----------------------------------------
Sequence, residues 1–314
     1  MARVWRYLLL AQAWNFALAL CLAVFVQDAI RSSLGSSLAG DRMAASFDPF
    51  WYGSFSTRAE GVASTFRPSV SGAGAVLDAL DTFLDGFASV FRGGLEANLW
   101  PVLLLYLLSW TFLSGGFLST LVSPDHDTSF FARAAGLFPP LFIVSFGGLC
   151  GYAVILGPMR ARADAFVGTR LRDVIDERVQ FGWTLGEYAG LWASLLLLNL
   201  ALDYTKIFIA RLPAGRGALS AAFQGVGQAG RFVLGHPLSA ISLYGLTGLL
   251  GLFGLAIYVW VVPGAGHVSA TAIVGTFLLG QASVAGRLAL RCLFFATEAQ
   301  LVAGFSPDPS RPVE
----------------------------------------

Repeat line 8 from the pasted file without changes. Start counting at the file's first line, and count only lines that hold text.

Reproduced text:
   301  LVAGFSPDPS RPVE